“Back home everyone said I didn’t have any talent. They might be saying the same thing over here but it sounds better in French”
Vincente Minnelli’s 1951 musical An American is Paris is widely regarded as a high point of Gene Kelly’s illustrious career, one that includes such great films as On The Town, Les Demoiselles de Rochefort and Singin’ in the Rain. Whilst Minnelli’s film never quite reaches the same standard as these great musicals, it’s still a thoroughly entertaining and worthwhile entry into the genre.
An American in Paris follows Jerry Mulligan, an American war veteran working as a painter in 1950’s Paris who falls in love with a young French girl. Unbeknownst to him, she is already dating a singer and their relationship is surely doomed from the start; or is it?
The nature of traditional musicals suggests that a comprehensive narrative is often secondary to the singing and dancing, and this film is certainly no different. The story of Mulligan’s entry into the art world is barely developed and is only mentioned when the plot needs to progress, like when the two romantic leads and their rivals need to be in the same room together – an art exhibition – to conclude the film. It is this that separates An American in Paris from the aforementioned great musicals; they all have satisfying stories, something that this film sorely misses.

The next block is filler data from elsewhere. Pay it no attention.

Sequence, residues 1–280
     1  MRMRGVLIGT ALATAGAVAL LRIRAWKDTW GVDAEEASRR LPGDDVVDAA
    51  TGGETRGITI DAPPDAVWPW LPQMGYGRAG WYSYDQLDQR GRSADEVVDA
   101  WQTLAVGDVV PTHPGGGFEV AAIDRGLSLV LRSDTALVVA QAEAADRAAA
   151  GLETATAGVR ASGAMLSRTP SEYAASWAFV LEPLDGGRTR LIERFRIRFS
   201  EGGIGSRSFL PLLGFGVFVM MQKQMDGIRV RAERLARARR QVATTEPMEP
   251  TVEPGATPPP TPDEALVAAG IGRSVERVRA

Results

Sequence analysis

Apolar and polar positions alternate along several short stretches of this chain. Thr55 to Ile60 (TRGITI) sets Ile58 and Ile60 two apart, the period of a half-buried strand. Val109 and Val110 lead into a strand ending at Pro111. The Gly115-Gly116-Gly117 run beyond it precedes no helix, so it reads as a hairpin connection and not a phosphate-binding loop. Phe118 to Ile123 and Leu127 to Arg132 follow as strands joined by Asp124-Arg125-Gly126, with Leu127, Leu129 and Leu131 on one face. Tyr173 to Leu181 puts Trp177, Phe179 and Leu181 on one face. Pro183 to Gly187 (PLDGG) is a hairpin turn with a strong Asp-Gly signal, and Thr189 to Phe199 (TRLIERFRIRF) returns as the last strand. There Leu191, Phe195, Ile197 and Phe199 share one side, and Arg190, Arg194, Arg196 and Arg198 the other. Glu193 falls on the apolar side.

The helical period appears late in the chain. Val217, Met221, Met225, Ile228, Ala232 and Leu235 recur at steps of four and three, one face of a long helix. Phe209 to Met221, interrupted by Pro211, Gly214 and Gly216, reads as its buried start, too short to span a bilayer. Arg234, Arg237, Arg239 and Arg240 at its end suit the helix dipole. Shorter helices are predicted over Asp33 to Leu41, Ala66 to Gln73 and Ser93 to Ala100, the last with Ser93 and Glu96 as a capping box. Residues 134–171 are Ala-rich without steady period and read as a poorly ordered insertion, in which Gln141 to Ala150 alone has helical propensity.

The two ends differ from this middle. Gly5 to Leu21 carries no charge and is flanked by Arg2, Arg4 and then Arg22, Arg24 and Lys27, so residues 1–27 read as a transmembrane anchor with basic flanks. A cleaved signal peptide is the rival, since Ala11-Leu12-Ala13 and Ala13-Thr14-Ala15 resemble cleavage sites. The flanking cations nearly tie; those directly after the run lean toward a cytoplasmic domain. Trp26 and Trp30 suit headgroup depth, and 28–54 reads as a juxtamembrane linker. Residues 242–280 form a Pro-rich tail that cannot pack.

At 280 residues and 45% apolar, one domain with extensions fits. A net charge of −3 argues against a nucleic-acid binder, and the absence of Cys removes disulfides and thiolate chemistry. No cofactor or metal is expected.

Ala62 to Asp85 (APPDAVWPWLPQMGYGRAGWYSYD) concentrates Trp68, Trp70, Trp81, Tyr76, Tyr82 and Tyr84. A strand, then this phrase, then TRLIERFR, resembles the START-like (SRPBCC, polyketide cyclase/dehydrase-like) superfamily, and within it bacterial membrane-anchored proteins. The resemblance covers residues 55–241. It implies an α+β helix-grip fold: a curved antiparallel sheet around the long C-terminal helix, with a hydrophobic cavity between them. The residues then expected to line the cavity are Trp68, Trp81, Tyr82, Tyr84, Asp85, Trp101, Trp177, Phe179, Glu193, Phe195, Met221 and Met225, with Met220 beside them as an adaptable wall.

What the film lacks in plot, however, it more than makes up for in theatricality. Gene Kelly was a great movie star, and his natural exuberance for musical cinema makes An American in Paris a thoroughly entertaining film. The dance sequences are wonderfully choreographed and performed – especially the concluding seventeen minute ballet, heavily influenced by Powell and Pressburger’s The Red Shoes – and the notion of romance is perfectly communicated through dance; particularly Kelly and Leslie Caron dancing to “Our Love is Here to Stay” under a Parisian bridge.
For the most part, this wonderful visual storytelling makes up for the film’s poorly handled narrative, yet, as with all musicals, it’s not the plot that matters. The singing and dancing on show here is of the highest order, and An American in Paris is a much better film because of it.